Chapter

Tales of the Two Treatises

Michael V. Wedin

in Aristotle's Theory of Substance

Published in print September 2002 | ISBN: 9780199253081
Published online November 2003 | e-ISBN: 9780191598647 | DOI: http://dx.doi.org/10.1093/0199253080.003.0005

Series: Oxford Aristotle Studies

Tales of the Two Treatises

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Wedin considers the problem of the compatibility of the Categories account of primary substance with the theory of substantial form of the Metaphysics. Wedin collects from the secondary literature the most important arguments for incompatibilism, and offers some proposals for restoring their harmony. While admitting the evident differences in the way Aristotle treats the question of substance in each treatise, Wedin is keen to argue that these differences are not sufficient to conclude that the treatises are incompatible. Wedin singles out for particular attention, and criticism, Michael Frede and Gunther Patzig's account of Metaphysics Zeta, according to which the primary substance of the Metaphysics and the basic subject of predications is the form. Wedin considers two ‘philosophical’ arguments and one ‘Aristotelian’ argument for the subjecthood of forms, and argues that the textual evidence does not support the claim that form is the subject of accidents.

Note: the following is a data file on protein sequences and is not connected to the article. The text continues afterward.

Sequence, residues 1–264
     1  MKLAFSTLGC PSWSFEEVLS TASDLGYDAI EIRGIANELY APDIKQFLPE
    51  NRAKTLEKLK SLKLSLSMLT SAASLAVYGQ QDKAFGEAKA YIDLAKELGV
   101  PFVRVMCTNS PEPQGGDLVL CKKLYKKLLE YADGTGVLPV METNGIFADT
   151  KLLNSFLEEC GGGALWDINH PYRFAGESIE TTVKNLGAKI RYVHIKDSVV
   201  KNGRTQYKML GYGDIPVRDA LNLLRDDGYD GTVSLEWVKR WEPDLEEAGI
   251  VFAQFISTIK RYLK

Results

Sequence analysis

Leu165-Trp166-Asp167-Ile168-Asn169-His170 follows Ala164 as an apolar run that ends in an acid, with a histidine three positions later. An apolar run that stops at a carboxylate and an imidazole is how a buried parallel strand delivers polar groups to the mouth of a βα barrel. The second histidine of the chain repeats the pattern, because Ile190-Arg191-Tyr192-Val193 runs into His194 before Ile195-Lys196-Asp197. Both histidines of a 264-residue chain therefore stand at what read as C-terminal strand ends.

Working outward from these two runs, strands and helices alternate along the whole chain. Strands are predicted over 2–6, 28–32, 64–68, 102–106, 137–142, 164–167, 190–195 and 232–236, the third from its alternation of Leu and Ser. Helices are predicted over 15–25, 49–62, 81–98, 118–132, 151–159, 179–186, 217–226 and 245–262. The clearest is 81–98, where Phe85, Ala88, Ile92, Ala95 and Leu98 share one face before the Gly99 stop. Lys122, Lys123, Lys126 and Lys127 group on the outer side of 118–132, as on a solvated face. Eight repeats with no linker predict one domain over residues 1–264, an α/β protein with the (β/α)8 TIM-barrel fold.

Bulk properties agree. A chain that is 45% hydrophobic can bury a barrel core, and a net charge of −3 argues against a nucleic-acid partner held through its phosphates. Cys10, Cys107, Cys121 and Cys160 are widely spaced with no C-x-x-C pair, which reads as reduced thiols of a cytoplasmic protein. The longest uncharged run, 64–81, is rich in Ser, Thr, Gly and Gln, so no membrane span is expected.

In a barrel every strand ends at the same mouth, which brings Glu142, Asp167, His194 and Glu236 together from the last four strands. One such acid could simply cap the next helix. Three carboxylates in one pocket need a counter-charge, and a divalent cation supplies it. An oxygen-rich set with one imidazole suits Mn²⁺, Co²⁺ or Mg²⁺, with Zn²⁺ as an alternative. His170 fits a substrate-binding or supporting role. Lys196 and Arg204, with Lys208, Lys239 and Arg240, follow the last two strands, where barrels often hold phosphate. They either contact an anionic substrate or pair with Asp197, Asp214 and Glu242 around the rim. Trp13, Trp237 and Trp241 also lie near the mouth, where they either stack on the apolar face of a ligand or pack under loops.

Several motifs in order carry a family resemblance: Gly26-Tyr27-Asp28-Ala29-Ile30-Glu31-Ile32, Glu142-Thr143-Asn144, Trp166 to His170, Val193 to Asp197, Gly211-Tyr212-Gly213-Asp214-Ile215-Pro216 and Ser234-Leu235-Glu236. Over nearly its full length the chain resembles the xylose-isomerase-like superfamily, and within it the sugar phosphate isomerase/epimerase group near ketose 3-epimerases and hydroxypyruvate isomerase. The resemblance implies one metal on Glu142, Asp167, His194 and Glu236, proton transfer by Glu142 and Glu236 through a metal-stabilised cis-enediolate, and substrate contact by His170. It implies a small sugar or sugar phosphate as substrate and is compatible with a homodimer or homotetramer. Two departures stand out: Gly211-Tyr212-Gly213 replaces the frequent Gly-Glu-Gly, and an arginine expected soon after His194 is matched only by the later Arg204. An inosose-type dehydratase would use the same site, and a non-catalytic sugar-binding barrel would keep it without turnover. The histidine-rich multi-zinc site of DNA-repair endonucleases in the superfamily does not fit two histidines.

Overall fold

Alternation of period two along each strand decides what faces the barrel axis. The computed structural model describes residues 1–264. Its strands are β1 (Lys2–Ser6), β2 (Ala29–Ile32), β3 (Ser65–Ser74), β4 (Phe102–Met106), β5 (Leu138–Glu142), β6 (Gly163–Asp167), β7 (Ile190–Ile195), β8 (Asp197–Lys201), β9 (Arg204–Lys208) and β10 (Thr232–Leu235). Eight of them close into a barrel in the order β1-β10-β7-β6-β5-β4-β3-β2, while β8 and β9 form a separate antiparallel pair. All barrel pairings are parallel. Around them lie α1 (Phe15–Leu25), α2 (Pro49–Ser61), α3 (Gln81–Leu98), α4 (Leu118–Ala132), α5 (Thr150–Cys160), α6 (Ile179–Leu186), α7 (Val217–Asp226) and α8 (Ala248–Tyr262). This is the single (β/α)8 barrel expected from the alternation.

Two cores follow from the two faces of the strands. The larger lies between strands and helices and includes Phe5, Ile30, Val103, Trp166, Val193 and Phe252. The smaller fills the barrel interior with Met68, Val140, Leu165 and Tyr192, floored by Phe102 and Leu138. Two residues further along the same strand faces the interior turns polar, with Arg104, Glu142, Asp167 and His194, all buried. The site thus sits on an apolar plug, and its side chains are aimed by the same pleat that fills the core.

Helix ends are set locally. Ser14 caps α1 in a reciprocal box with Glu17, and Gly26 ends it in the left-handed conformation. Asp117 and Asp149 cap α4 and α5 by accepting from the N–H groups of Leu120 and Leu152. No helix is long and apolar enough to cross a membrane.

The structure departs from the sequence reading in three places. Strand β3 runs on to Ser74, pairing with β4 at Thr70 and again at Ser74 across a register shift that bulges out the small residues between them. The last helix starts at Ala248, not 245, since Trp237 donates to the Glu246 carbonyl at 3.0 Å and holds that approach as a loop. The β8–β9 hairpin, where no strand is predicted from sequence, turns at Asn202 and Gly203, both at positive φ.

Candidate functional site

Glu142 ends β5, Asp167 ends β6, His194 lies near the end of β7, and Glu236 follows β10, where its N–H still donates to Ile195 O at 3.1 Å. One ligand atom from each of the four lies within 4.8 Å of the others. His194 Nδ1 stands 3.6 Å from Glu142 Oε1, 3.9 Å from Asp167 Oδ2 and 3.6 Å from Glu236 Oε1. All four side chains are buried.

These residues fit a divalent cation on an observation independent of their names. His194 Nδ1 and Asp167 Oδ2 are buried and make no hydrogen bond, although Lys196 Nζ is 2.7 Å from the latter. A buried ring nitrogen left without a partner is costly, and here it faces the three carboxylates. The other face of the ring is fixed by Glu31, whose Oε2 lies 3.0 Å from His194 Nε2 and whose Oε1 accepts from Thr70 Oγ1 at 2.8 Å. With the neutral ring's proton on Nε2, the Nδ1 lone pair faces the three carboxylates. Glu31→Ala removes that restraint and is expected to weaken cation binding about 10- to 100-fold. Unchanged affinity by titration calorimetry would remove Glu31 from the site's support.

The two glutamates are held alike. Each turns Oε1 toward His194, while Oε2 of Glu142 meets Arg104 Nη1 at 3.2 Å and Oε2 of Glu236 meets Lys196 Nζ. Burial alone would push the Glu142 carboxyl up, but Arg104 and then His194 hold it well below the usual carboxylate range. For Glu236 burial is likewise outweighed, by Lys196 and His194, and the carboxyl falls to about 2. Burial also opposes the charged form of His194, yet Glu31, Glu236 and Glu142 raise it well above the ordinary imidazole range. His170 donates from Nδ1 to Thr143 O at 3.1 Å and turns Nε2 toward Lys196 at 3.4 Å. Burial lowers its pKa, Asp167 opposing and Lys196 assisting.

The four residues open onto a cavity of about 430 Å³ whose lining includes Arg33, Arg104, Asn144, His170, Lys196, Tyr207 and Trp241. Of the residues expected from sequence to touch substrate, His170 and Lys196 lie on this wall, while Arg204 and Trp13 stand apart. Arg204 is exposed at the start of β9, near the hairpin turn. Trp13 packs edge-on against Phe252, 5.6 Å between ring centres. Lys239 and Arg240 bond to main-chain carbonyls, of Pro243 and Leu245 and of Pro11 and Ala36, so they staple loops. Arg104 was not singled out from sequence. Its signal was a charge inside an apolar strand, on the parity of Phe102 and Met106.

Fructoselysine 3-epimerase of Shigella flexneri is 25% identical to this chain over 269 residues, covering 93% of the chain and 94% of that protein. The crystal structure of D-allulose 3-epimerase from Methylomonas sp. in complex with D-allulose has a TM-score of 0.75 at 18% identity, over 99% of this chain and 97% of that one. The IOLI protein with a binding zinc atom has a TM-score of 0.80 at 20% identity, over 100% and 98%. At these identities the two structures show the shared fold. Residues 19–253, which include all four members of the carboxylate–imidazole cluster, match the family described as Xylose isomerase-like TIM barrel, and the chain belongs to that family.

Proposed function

Keywords: compatibility; incompatibilism; Metaphysics Zeta; Michael Frede and Gunther Patzig; primary substance; subjecthood of forms; substantial form

Chapter.  15117 words. 

Subjects: Ancient Philosophy

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